Safe and Sound

Cattle Bank and Trust

Seward, NE
5
Star Rating
Seward, NE-based Cattle Bank and Trust is an FDIC-insured bank started in 1873. As of December 31, 2017, the bank had equity of $33.0 million on assets of $273.8 million.

With 46 full-time employees in 5 offices in NE, the bank has amassed loans and leases worth $195.7 million, including real estate loans of $161.4 million. U.S. bank customers currently have $228.1 million in deposits with the bank.

Overall, Bankrate believes that, as of December 31, 2017, Cattle Bank and Trust exhibited a superior condition, earning a full 5 stars for safety and soundness. Here's a look at how the bank did on the three important criteria Bankrate used to evaluate U.S. banks on safety and soundness.

WHAT IS
SAFE AND SOUND?

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THE INSTITUTION'S SCORE

Capital Score

Capital acts as a bulwark against losses and affords protection for depositors when a bank is struggling financially. It follows then that a bank's level of capital is a crucial measurement of an institution's financial strength. When looking at safety and soundness, the higher the capital, the better.

On our test to measure capital adequacy, Cattle Bank and Trust achieved a score of 16 out of a possible 30 points, beating the national average of 13.13.

One important measure of this buffer is a bank's Tier 1 capital ratio. Cattle Bank and Trust's Tier 1 capital ratio was 15.95 percent, exceeding the 6 percent level considered adequate by regulators, but under the national average of 25.65 percent. A higher capital ratio means the bank will be better able to weather financial difficulties.

Overall, Cattle Bank and Trust held equity amounting to 12.06 percent of its assets, which exceeded the national average of 12.03 percent.

Asset Quality Score

This test is intended to try to understand how the bank's reserves set aside to cover loan losses, as well as overall capitalization, could be affected by troubled assets, such as unpaid mortgages.

A bank with large numbers of these types of assets could eventually be required to use capital to cover losses, cutting down on its equity cushion. Many of those assets are also likely to be in non-accrual status and thus aren't earning money, reducing earnings and increasing the chances of a failure in the future.

Cattle Bank and Trust did better than the national average of 37.49 on Bankrate's asset quality test, racking up 40 out of a possible 40 points .

The percentage of problem assets a bank holds compared to its total assets is a handy indicator of asset quality.As of December 31, 2017, 0.26 percent of Cattle Bank and Trust's loans were noncurrent, meaning they were more than 90 days past due or were in non-accrual status. That's below the national average of 1.01 percent.

Banks keep a reserve known as an "allowance for loan and lease losses" to deal with problem assets . That reserve's size can be a helpful indicator when evaluating a bank's ability to manage problem assets, especially when compared to the total amount of problematic loans. Unfortunately, the FDIC did not provide information on Cattle Bank and Trust's loan loss allowance in its most recent filings.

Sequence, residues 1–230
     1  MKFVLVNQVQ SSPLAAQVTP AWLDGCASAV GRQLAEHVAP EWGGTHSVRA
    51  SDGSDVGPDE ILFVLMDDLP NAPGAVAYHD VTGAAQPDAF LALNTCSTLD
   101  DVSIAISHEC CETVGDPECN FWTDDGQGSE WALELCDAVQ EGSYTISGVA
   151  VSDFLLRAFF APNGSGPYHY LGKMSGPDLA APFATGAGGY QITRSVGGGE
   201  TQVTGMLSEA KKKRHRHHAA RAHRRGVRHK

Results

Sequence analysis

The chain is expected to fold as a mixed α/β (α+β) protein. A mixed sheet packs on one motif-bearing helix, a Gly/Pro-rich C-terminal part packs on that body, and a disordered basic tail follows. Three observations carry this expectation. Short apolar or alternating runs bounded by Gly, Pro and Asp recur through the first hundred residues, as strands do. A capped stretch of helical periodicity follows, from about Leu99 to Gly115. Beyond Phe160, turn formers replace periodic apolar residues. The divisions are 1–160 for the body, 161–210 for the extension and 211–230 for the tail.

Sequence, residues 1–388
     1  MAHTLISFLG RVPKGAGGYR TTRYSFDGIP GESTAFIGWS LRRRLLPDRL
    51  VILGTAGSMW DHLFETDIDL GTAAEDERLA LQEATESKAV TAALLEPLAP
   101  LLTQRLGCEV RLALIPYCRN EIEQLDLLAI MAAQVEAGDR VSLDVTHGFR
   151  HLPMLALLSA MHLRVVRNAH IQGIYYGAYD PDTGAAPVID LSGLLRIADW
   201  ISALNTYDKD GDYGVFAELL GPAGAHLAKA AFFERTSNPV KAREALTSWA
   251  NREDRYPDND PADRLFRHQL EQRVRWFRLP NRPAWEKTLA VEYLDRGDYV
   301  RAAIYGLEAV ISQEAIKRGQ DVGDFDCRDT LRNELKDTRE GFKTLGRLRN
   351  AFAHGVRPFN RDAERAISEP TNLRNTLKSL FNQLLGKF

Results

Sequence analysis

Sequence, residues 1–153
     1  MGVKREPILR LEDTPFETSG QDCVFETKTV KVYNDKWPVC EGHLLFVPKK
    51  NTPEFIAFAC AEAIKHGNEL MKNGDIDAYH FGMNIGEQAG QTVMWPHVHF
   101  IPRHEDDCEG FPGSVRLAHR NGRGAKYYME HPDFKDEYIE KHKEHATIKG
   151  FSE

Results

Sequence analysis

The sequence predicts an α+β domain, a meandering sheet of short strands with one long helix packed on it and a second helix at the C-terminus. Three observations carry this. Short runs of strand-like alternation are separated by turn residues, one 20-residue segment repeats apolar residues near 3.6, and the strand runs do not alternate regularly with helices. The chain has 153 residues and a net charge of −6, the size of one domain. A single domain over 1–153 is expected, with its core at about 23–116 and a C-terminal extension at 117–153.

Earnings score

A bank's earnings performance affects its long-term survivability. A bank can retain its earnings, expanding its capital buffer, or use them to deal with problematic loans, likely making the bank more resilient in times of trouble. Conversely, losses diminish a bank's ability to do those things.

Cattle Bank and Trust exceeded the national average on Bankrate's earnings test, achieving a score of 22 out of a possible 30.

One key way to measure a bank's earnings is return on equity, or net income (profit, essentially) divided by the total amount of equity. The most recent annualized quarterly return on equity for Cattle Bank and Trust was 13.12 percent, above the national average of 8.10 percent.

The bank reported net income of $4.2 million on total equity of $33.0 million for the twelve months ended December 31, 2017. The bank had an annualized return on average assets, or ROA, of 1.59 percent, above the 1 percent deemed satisfactory in accordance with industry standards, and above the average for U.S. banks of 1.00 percent.

WHAT IS SAFE & SOUND?

Bankrate.com's Safe & Sound Ratings provide a star rating system to evaluate the current financial status of financial institutions. The information gathered about banks, credit unions and thrifts is updated as set forth in the Terms of Use of Safe & Sound Ratings and Reports. The Safe & Sound Ratings information is grouped by categories of banks, thrifts and credit unions.

Scoring methodology

Bankrate.com evaluates the financial condition of institutions and assigns a one- to five-star rating for each with five stars representing the highest rating. Institutions with satisfactory performance will generally receive a rating of three or more stars. The majority of institutions fall into the three- to four-star range. An institution with an "NR" rating may be too new to rate or may have limited the publicly available information in their regulatory filings. The "NR" is not an indication of financial strength or weakness. The Safe & Sound rating is believed to be reliable, but the information is not guaranteed. In addition, events since the information was collected may have altered the institution's financial condition.